By Lauren Drewes Daniels
By Alice Laussade
By City of Ate
By Scott Reitz
By Lauren Drewes Daniels
By Alice Laussade
This was at a time when I proudly displayed my curiosity for the gastronomically exotic while traveling through America's heartland. In addition to the meal in Madison, I ate sushi in Omaha (the restaurant had a huge pond in the middle of the dining room filled with koi, leaving me to wonder what kind of garish pigmentation the fish in my hand roll once displayed); Thai food in Wichita; and an organ meat of some kind in Fargo, served up with a side dish developed by the Ore-Ida Foods Corp. I would have enthusiastically eaten a braised Washington Post op-ed page in a demi-glace made from Chevy shortblock engine parts if you told me it was a prized delicacy in Riyadh.
As a result of these varied meals during my travels, I believed myself to be a highly eclectic eater, a culinary sophisticate, a fastidious discriminator of uncommon vittles, and, more often than I care to admit, a frequent visitor to the restroom, as sometimes culinary exotica prepared in the heartland can wreak gastric havoc.
While my first exposure to Vietnamese food didn't send me to the bathroom, it did disappoint me. The food seemed more like bad Chinese without the rich, gelatinous veneers or the little strips of paper telling you that wise men wear clean underwear even if they don't expect to get into accidents. This isn't surprising, because Vietnamese cuisine reflects a strong Chinese influence (the adoption of chop sticks and the wok are just examples) since China has been pestering the Vietnamese for more than a thousand years. Not surprisingly, northern Vietnam exhibits these effects most vividly because of its shared border with China. Here, the use of beef, soy sauce, and black pepper is more prevalent than in the warmer central and southern parts of the country where fish, vegetables, herbs, and fruits are more abundant.
This cuisine shows other influences as well. In southern Vietnam, a pronounced Thai influence emerges through the use of curries, lemon grass, and galanga (a ginger-like root), though Vietnamese curries are less spicy and rich than Thai curries. French colonization beginning in the 16th century and ending in the 20th also left its mark. In Saigon, a mixture of ground shrimp, black pepper, and coriander is still called pate, and the Vietnamese use a soup base similar to the French consomme.
These influences are perceptible--in varying degrees of clarity--in a recently transformed Vietnamese restaurant wedged in a hard-to-find North Dallas strip mall. Formerly Saigon Savor, a Euro-Asian restaurant opened in 1996, Saigon Bistro (even officially, the city decreasingly is referred to as Ho Chi Minh City) is the kind of spot I would have visited enthusiastically and revisited during my exotic heartland culinary tours.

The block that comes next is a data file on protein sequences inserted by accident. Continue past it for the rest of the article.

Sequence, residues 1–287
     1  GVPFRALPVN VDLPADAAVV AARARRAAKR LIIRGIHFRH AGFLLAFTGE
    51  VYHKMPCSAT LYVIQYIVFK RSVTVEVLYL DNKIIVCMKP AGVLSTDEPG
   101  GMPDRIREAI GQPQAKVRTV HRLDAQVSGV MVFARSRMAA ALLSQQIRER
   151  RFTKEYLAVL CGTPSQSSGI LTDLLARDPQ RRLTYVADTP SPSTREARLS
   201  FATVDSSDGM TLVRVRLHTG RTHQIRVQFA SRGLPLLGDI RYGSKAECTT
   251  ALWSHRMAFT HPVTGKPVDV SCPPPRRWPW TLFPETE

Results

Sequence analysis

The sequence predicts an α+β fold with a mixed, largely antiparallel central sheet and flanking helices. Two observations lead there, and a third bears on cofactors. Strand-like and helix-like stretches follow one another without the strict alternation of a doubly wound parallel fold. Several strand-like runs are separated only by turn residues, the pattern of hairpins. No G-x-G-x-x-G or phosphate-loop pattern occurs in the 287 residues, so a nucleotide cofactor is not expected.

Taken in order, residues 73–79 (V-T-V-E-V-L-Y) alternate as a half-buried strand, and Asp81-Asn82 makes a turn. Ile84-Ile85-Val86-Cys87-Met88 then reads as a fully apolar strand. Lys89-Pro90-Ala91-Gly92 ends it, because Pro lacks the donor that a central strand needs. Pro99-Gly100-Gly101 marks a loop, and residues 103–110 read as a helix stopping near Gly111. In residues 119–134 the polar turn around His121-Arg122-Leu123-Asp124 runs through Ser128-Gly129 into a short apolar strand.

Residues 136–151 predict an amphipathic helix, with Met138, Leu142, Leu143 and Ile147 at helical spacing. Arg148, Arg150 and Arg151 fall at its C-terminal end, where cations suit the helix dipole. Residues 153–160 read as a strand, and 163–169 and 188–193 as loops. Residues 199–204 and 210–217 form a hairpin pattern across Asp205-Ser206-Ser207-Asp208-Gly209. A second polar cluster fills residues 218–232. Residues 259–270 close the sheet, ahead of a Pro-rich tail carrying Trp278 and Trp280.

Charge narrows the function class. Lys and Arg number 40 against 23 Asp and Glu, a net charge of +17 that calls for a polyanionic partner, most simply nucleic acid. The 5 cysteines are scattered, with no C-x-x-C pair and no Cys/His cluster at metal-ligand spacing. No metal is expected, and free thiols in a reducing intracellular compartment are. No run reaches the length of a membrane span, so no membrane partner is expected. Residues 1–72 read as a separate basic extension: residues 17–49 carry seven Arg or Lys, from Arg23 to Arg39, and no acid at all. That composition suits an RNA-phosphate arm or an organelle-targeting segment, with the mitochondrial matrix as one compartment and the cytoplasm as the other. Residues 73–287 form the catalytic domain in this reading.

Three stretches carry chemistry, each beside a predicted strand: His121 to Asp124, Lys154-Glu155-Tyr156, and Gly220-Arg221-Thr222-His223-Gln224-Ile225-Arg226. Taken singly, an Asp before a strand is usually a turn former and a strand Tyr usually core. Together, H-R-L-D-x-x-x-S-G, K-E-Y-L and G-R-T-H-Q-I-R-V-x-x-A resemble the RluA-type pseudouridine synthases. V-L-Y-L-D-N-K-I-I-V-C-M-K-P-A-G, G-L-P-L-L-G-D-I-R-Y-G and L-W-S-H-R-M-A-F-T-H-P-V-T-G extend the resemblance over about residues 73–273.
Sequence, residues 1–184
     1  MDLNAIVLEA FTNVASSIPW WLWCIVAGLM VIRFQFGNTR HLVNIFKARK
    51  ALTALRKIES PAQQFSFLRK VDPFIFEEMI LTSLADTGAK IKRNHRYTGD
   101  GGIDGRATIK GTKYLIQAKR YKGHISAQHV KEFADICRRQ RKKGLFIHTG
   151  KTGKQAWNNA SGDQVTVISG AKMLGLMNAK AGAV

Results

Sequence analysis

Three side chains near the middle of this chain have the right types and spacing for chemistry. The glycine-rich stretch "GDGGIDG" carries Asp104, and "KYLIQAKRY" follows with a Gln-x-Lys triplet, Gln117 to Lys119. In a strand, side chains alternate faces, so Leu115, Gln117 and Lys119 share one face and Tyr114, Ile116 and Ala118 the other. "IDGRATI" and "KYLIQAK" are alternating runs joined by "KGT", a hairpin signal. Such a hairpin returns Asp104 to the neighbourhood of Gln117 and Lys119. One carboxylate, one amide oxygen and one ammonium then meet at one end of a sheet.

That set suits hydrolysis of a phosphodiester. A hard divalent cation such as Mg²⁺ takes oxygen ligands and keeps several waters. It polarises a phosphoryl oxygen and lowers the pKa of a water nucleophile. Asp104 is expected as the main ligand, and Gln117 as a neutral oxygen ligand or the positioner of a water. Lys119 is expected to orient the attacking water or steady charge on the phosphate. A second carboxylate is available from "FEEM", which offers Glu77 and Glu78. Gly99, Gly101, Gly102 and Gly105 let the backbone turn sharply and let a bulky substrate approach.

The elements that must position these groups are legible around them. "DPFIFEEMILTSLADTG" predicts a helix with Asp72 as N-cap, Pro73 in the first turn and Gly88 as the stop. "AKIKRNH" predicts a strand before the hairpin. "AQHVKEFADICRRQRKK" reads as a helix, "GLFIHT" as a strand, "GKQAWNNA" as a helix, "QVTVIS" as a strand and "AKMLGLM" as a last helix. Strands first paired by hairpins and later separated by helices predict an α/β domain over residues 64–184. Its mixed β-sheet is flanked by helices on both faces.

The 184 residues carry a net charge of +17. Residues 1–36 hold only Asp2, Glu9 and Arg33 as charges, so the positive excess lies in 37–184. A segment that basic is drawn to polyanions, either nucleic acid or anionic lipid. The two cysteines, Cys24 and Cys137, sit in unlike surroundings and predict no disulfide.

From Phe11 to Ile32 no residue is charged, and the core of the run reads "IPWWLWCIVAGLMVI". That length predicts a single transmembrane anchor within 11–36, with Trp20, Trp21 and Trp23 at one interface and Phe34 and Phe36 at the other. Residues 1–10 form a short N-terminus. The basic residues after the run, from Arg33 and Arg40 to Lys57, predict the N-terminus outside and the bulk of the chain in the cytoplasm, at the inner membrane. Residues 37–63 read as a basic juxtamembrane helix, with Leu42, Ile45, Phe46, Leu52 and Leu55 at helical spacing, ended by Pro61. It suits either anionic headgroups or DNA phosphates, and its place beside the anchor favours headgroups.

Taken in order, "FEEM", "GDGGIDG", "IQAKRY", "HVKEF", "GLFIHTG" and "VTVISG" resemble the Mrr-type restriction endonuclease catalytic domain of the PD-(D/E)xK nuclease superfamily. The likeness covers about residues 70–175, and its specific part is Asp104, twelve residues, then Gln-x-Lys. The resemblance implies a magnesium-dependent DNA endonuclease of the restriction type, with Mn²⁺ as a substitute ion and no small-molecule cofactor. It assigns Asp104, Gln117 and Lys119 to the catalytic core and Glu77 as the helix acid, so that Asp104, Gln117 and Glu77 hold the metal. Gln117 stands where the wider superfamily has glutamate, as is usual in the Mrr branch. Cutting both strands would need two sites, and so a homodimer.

Not that it's a stylish space. The atmosphere, while clean and crisp, includes these oddly sloped vinyl bar chairs in aqua, yellow, and purple with matching pendant chandeliers. The coordination is nice, except it doesn't quite work with the rest of the house, unless they're planning on showing The Adventures of Priscilla, Queen of the Desert endlessly on the bar TV. The dining room is conservatively assembled with simple tables and contemporary, split-back chairs covered in dark teal fabric. What adds soul to this space of strip mall sterility are paintings by two Vietnamese artists. The works depict scenes of daily Vietnamese life in subdued earth tones splashed with tiny areas of intense color. Created by Saigon resident Bui Suoi Hoa and Dallas resident Da-Thao Dao, the works feature loosely defined images with broad brush strokes and crudely rendered lines.
Saigon Bistro is a strictly Vietnamese restaurant, recast when owner Michael Tieu disengaged himself from the San Francisco Bay Area restaurant business and moved to Dallas to help his family. "They didn't want the public to think of them as the typical Vietnamese-Chinese restaurant," says Tieu, explaining his family's original focus with Saigon Savor. "So they went with the Euro-Asian concept, and I thought it was just too confusing."
Tieu proceeded to overhaul it, revamping the menu, changing the name, re-accessorizing the interior. "The food that we cook is the food you would find in Saigon, which would be Vietnamese, Thai, and Chinese and a little bit of French influence," he says.
Tieu's commitment is obvious. One of his first moves was to bring in Los Angeles chef Kathy Truong, who worked in restaurants in that city's Vietnamese community and specializes in seven-course beef, an elaborate, special-occasion meal in Vietnam. Her family boasts three generations of culinary artists including her mother, a distinguished Saigon chef serving the city's French diplomats. It's the seven-course beef dining experience that Tieu believes sets Saigon Bistro apart from other Vietnamese restaurants.